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Monday, April 9, 2012

The View from the Coffee Shop at Barnes and Noble

So this morning I am sitting in the Barnes and Noble coffee shop waiting for my car to be repaired. Sitting here with my decaf Americano and cinnamon scone, I can look out over the sales floor. Here are the signs I see: LEGO Architecture, Toys and Games, Trends and Collectibles, Jigsaw Puzzles, Star Wars Figures, Travel Games. I kid you not, I must strain my eyesight from here to see a book.

At the risk of sounding old and stodgy, this worries me. When people enter a book store, they should be tripping over books, not action figures. I am trying to launch a one man offensive against toys and games and gimmicks taking over space in book stores. On Easter Sunday, I gave each of my children and grandchildren a book along with their chocolate bunny. The message: "Reading is sweet."

Please help me with my campaign; go to a book store this week, buy a book and give it to a kid. Try to ignore their disappointment when they see it is not a Star Wars action figure.

Sunday, April 8, 2012

The Need to Read Aloud

Recently, as I was cleaning out my office, I came across my copy of The Read Aloud Handbook, signed for me by the author, Jim Trelease. More than 30 years ago, I was doing a presentation at a reading conference in New York City. It was one of my first presentations at a large conference like this and I was quite nervous. My topic: The Role of Read Aloud in the Middle School Classroom. I had become a huge advocate of read aloud as an instructional strategy through my graduate work and through the reading of the Trelease book.

After the presentation, which I thought had gone rather well, a gentleman from the audience came up to me and said, "Hi, I'm Jim Trelease." I was floored. Jim Trelease, nationally known author and the country's biggest advocate of read aloud, was in the audience as I stole and shared many of his ideas. I think I stammered something like, "It's a pleasure to met you. I hope you liked what I had to say." In my mind I was thinking, "Oh my god, I hope I credited him appropriately."

He said kindly, "Absolutely, I think you were right on the mark. And thanks for plugging my book." He was very gracious, signed my copy of his book for me and gave me his phone number so we could stay in touch.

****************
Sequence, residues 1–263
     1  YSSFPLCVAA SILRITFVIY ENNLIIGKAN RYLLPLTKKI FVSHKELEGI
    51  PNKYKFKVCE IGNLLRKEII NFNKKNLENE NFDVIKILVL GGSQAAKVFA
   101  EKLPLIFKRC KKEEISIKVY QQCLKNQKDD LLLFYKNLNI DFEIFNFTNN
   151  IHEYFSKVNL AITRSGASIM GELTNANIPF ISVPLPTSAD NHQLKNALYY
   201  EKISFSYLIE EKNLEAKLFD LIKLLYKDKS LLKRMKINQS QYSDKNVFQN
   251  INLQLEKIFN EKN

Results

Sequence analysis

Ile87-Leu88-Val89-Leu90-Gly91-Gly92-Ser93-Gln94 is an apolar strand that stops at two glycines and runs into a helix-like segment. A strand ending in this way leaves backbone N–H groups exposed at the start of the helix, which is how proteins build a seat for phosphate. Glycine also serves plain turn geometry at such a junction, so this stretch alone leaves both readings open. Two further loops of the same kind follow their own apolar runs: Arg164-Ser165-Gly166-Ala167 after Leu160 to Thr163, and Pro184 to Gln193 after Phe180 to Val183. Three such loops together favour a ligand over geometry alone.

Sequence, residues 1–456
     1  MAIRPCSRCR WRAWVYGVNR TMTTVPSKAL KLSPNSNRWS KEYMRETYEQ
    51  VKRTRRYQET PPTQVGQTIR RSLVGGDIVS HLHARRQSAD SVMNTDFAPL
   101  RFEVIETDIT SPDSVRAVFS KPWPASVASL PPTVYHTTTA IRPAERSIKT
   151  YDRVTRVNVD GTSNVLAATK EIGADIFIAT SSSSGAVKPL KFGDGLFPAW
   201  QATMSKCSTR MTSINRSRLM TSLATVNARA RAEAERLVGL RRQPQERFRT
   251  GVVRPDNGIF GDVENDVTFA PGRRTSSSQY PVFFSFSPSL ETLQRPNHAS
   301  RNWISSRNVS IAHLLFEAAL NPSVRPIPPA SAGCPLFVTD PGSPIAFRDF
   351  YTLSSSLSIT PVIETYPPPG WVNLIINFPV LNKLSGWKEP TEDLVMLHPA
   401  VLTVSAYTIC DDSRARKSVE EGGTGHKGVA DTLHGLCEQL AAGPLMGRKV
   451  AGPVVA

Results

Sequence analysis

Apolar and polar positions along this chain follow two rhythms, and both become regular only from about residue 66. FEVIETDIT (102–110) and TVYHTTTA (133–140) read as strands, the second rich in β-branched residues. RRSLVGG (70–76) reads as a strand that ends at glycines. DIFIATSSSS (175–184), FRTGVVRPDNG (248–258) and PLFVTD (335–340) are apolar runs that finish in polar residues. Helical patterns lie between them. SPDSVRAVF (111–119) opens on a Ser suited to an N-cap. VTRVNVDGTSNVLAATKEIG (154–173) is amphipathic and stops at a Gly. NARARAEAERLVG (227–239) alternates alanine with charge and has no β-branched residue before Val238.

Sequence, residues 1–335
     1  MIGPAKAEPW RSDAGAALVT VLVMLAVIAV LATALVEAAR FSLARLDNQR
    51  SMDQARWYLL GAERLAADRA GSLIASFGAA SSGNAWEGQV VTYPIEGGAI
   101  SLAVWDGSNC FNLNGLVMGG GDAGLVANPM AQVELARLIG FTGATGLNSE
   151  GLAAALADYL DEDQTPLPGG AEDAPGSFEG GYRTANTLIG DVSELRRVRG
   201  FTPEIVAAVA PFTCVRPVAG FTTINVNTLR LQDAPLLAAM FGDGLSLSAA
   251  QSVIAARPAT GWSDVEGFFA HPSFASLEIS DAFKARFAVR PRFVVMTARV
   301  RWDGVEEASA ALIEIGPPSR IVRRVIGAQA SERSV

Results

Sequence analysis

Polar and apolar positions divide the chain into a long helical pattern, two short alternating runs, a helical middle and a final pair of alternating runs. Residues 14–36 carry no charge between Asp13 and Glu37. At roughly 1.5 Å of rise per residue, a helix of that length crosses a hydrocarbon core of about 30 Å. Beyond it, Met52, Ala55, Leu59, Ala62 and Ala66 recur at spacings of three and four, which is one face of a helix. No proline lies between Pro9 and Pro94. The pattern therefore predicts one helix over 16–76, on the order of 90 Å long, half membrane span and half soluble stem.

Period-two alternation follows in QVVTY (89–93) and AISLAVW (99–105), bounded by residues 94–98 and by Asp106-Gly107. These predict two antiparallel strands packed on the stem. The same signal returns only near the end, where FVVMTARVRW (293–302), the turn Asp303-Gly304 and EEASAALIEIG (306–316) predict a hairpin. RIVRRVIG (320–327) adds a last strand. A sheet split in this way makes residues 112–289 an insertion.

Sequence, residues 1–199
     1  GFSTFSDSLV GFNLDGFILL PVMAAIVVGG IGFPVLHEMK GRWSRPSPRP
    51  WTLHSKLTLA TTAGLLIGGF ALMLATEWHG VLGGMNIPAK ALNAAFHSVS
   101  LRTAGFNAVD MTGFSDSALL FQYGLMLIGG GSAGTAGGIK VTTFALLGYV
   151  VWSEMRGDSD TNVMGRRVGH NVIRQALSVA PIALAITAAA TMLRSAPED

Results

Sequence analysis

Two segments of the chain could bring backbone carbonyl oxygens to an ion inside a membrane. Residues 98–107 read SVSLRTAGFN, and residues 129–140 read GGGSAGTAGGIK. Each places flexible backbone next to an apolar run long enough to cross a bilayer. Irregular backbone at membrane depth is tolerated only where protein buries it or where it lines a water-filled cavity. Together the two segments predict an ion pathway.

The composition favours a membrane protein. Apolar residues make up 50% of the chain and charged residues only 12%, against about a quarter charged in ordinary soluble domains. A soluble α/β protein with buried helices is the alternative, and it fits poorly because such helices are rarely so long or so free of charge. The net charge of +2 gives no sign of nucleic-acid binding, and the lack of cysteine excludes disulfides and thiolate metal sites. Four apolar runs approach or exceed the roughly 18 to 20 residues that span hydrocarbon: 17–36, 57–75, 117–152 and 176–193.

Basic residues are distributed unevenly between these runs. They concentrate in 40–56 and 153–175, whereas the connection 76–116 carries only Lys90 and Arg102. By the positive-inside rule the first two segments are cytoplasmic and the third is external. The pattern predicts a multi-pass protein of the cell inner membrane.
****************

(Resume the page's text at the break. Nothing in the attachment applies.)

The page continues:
Over the years we ran into each other at subsequent conferences and he never failed to remember me and take a moment to talk about our work.

I bring this up now because I fear for the place of read aloud in our schools today. Only six years ago, with the encouragement of my then Superintendent, Sam Stewart, I had decreed that every student in every school in our district would be read to at least once a day. Now, I hear from many teachers that read aloud is being crowded out of the curriculum. Read aloud is an endangered species because of the creeping demands of accountability and testing. In an atmosphere where teachers feel under siege and where standardized test scores are high stakes, an apparent "soft" part of the curriculum, like read aloud, may get crowded out.

So perhaps now is a good time to revisit Jim Trelease and remind ourselves of the critical learning that results from children being read to every day.
  • Read aloud conditions the brain to view reading as a pleasurable activity
  • Read aloud builds background knowledge
  • Read aloud builds vocabulary
  • Read aloud provides a fluent reading model for children
The most skilled teacher would be hard pressed to design an activity that has that much bang for the buck. When an administrator asks you your goals for read aloud, recite the list above. Fight for the right to read aloud to your students. We must read to our students every day. To fail to do so is educational malpractice.